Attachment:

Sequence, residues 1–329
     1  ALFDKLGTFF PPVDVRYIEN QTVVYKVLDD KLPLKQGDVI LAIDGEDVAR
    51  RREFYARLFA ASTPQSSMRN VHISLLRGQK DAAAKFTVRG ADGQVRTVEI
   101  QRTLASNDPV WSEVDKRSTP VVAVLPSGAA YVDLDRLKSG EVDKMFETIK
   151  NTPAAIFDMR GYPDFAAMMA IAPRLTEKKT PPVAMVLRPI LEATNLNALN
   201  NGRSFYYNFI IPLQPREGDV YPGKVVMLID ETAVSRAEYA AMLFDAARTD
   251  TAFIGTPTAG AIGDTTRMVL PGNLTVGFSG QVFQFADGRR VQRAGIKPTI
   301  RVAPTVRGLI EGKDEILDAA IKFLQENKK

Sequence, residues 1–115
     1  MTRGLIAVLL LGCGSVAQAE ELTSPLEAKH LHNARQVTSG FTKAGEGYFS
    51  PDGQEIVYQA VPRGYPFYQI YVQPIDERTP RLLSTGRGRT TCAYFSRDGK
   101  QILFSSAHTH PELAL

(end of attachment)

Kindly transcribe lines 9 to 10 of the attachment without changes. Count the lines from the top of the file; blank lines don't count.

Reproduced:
Sequence, residues 1–115
     1  MTRGLIAVLL LGCGSVAQAE ELTSPLEAKH LHNARQVTSG FTKAGEGYFS